John Johnson, a spokesman for the state Department of Public Instruction, said Common Core was a program only for math and reading, and not other academic areas. He said his agency needed to review the statutory language that would be put into the budget to see what effect it would have on schools, if any.

Since the core standards were adopted for math and reading, individual school districts have been working to train teachers about what they look like in practice. And the Department of Public Instruction has been involved with moving to a new annual, online standardized test that would be based on those standards.

State Schools Superintendent Tony Evers would be barred from putting in place Common Core standards until his department holds at least three public hearings on the standards and issues a report on them. But the practical effect of that was unclear since Common Core consists only of math and reading, and those standards have already been adopted.

The agency, along with the Legislative Fiscal Bureau, would also have to determine how much it would cost to fully implement the standards and how much it would cost to stop implementation.

A legislative study committee could also be set up under the budget proposal and hold hearings of its own.

Wisconsin is not the only state where the common core standards are encountering flak, some of which has come after a number of conservatives voiced concern about federal influence.

Information system. The committee voted 14-2 to scrap a plan to have one vendor run the student information system, allowing school boards to pick whichever firms they wanted to collect data on students and report it to the state.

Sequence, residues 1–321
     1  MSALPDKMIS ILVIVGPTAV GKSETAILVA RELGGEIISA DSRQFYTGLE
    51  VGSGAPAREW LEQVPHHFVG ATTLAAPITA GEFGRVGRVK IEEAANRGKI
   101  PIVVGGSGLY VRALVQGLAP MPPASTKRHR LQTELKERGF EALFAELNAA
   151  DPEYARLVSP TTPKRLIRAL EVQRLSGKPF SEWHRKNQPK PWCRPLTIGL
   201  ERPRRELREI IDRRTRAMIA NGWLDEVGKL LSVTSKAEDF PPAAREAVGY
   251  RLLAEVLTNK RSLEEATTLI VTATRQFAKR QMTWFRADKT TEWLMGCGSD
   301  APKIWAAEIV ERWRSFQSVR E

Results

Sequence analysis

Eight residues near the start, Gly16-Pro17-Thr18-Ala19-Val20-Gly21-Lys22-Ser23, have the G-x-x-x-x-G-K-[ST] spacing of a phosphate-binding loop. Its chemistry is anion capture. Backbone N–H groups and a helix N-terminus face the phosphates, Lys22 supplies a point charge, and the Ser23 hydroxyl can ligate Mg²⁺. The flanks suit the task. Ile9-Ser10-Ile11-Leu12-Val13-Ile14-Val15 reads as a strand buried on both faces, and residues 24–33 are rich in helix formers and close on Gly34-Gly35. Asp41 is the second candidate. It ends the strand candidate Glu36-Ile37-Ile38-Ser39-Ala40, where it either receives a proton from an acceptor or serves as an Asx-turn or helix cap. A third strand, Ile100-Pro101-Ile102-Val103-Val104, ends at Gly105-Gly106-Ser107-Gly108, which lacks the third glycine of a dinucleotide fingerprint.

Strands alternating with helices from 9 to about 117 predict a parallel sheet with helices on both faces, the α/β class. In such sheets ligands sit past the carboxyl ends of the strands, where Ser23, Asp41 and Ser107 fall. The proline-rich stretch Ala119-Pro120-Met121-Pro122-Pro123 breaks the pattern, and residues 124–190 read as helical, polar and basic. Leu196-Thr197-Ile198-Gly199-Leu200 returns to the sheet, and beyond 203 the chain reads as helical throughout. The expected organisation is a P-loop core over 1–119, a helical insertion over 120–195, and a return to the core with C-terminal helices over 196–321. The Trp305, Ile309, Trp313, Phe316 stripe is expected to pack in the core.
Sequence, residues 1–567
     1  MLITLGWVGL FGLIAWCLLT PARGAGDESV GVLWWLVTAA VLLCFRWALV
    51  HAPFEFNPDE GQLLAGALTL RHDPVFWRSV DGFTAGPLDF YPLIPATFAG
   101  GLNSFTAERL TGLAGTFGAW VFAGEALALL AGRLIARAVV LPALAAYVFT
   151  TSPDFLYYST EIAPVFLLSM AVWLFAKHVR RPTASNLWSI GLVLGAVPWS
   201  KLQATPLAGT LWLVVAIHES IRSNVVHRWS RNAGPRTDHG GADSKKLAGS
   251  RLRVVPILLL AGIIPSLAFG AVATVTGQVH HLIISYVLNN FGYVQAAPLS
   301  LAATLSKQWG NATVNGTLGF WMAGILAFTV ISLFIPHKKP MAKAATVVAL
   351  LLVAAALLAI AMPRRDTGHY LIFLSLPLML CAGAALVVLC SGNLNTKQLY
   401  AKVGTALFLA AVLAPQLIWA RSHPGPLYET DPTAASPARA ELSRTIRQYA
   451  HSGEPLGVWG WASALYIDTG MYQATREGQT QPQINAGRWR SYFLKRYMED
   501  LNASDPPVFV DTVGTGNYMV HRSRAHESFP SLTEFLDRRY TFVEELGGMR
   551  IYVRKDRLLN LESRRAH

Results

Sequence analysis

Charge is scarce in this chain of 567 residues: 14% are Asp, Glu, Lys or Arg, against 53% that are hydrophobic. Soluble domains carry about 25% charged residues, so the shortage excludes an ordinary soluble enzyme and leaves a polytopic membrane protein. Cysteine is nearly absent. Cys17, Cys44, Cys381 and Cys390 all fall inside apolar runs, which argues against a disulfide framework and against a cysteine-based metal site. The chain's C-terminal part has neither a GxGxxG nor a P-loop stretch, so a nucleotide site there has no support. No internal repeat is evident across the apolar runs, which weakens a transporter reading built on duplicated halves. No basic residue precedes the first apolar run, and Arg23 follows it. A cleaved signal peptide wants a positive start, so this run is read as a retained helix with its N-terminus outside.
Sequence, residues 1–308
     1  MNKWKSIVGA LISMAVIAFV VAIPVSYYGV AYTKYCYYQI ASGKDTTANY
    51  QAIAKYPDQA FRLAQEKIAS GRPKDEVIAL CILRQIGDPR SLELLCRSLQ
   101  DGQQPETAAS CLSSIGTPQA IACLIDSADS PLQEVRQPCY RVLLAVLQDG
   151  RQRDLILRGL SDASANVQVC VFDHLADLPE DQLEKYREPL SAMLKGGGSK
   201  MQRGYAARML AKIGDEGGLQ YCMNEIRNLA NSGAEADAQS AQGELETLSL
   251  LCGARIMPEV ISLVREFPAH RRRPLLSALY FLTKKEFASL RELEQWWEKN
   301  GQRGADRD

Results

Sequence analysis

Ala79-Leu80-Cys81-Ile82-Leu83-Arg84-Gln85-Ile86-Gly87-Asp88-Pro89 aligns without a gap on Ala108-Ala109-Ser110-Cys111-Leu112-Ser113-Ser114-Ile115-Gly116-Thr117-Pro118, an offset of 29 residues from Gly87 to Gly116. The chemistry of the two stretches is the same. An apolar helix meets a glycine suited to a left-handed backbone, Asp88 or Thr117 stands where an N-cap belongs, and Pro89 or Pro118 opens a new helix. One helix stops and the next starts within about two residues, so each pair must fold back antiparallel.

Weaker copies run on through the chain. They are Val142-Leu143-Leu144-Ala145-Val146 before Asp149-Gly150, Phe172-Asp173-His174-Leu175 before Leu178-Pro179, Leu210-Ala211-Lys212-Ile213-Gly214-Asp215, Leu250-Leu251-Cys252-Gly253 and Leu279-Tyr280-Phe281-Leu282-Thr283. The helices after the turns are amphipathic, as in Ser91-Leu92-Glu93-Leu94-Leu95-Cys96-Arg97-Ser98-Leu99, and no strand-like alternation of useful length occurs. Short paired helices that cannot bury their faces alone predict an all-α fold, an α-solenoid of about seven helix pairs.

The statewide student information system is important because it’s the lynchpin to getting all public schools to submit data in a consistent way to the state, its backers say. But lawmakers said they believe a system could be created that multiple companies could use.

Using a single vendor was also meant to ensure the state gets the same consistent academic information from private schools receiving public funding.

In a letter sent to the committee before the vote, Evers noted that lawmakers voted two years ago to establish a student information system that would collect and maintain information about all pupils in public schools. He also noted that a bipartisan group of lawmakers approved the single-vendor proposal for the state data system in the fall of 2011.

The single-vendor system has been favored because the state would work with one company, and eliminate the need to have different data systems “talk” to each other. That’s often been pointed to as a problem now because schools each have their own data systems sending information to the state.